Think of astronauts in the space shuttle once they are in orbit. What's their apparent weight?
P: 614
 Quote by Doc Al What you need to consider is the force exerted by the rotating satellite (a space 'habitat') on the passenger. That's his apparent weight. The force of the earth on the satellite is not relevant to this question. Imagine the 'satellite' as a rotating cylinder and a person is standing on the inner surface of that cylinder. As the rotational speed increases, what happens to the force with which he is pressed against the 'floor'? FYI: 'mg' is only valid near the earth's surface.
ok so with a free body diagram,
mg = down
Reaction force = towards centre
he is accelerating towards the centre of the satellite (i presume this is up)
F = ma
ma = R - mg
mv^2/r = R - mg
mg = R + mv^2/r

so as the satellite rotates faster, his weight increases :)

I am confused though as to why on earth the effect of a faster rotation is completley different than on a satellite

 Quote by Doc Al Think of astronauts in the space shuttle once they are in orbit. What's their apparent weight?
well weight = mass * acceleration
I would presume their weight is dependant on how fast the rocket is accelerating
Once in orbit, they must have a net acceleration towards the earth (v^2/r) so the guys weight = mass * (v^2/r)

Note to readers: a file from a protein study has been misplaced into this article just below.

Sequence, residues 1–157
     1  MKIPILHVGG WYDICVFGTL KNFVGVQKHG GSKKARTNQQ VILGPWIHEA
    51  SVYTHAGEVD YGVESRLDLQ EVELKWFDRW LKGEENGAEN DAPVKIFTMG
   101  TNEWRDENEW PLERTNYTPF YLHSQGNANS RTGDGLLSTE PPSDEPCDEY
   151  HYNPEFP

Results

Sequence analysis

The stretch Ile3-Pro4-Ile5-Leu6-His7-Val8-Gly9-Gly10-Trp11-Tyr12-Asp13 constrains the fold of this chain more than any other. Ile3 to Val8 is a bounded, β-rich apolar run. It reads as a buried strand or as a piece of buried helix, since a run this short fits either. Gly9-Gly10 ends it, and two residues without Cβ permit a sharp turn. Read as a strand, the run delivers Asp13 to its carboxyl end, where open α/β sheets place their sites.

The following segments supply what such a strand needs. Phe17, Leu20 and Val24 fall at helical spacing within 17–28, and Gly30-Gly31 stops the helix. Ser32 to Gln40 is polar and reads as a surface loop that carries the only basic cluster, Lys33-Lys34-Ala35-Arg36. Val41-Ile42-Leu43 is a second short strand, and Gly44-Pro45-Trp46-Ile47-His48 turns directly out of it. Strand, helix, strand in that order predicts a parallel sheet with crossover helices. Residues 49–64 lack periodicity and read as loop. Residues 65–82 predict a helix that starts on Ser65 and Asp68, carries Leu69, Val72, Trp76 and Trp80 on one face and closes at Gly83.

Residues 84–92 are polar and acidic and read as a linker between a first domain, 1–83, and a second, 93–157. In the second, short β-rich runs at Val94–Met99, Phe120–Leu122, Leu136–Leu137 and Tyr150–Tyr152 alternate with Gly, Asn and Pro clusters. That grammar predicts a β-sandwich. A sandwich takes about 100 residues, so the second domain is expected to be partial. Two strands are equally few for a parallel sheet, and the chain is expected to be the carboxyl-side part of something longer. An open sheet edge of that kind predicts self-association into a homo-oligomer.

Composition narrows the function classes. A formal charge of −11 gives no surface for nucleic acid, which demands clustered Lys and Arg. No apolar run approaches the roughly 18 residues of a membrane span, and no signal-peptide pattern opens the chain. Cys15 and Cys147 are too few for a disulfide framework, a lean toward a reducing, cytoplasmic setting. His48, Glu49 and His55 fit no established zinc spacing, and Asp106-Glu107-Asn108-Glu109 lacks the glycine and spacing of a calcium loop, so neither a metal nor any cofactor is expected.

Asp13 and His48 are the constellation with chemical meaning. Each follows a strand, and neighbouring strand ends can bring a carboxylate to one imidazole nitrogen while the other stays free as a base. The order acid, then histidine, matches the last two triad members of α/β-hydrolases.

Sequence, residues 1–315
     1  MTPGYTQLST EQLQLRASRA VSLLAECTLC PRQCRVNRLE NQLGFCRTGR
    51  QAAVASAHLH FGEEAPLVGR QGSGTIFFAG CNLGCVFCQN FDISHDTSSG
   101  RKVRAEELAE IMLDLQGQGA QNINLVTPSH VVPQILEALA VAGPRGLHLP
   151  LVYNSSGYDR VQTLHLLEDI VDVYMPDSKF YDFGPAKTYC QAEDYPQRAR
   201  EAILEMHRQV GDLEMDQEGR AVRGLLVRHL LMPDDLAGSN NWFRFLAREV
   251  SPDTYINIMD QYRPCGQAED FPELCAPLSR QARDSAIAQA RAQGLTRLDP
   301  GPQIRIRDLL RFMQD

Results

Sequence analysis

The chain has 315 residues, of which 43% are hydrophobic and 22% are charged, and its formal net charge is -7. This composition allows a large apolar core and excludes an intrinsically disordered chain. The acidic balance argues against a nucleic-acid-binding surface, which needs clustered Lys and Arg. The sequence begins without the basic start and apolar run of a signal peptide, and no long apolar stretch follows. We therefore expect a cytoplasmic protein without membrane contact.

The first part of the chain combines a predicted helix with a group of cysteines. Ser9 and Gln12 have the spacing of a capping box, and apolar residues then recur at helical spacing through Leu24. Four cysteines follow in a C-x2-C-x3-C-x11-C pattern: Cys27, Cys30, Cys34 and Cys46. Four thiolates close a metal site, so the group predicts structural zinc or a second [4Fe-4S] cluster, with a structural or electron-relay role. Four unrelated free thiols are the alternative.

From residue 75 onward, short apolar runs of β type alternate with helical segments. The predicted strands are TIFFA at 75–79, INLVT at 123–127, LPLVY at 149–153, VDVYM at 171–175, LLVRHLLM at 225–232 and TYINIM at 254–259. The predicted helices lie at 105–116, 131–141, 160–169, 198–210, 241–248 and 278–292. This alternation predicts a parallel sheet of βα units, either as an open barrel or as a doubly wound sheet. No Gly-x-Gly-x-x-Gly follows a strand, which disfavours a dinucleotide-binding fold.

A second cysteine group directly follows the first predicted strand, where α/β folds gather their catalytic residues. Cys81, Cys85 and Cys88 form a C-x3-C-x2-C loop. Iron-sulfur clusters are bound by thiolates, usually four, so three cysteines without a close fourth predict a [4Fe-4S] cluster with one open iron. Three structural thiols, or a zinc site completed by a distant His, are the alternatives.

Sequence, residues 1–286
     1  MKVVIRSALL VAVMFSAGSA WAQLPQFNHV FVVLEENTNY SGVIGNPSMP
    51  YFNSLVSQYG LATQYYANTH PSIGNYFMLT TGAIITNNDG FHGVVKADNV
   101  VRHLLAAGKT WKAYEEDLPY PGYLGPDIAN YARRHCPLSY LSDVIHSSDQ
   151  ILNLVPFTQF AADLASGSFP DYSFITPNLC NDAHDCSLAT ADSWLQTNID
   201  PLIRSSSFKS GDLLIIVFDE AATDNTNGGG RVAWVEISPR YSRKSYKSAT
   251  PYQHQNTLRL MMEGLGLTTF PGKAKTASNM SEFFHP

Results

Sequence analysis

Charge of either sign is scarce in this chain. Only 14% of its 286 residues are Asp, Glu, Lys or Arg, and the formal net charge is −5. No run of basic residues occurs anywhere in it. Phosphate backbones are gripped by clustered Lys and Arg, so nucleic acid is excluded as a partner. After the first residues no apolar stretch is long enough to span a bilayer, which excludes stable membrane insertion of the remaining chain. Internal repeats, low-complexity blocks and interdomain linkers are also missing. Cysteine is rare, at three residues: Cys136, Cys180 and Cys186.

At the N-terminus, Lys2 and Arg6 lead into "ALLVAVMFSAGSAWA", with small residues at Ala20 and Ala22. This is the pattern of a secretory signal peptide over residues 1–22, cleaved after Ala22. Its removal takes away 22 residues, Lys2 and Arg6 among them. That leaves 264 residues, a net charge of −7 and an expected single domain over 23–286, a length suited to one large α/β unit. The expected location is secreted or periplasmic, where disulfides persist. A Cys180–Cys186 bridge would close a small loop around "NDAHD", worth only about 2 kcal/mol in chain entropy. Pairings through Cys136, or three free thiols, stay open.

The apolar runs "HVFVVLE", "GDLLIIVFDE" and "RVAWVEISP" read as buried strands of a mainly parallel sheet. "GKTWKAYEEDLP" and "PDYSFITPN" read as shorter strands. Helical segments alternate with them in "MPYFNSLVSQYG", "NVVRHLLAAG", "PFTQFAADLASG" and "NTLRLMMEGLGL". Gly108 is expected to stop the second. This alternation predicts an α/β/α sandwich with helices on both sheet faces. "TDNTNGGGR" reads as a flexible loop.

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P: 40,276
 Quote by jsmith613 ok so with a free body diagram, mg = down Reaction force = towards centre he is accelerating towards the centre of the satellite (i presume this is up) F = ma ma = R - mg mv^2/r = R - mg mg = R + mv^2/r so as the satellite rotates faster, his weight increases :)
The only force on the person that you need to consider is the 'reaction force' from the 'floor' of the satellite.

 I am confused though as to why on earth the effect of a faster rotation is completley different than on a satellite
On the earth you are standing on the outside of the rotating body; in the satellite, you're standing on the inside. (Look up 'artificial gravity'.)

 well weight = mass * acceleration I would presume their weight is dependant on how fast the rocket is accelerating Once in orbit, they must have a net acceleration towards the earth (v^2/r) so the guys weight = mass * (v^2/r)
So I guess you've never see pictures of the astronauts in orbit floating around in their ship?
 P: 614 of course, but they must weight something Although, if your weight is given by the reaction force then floating astronouts have no weight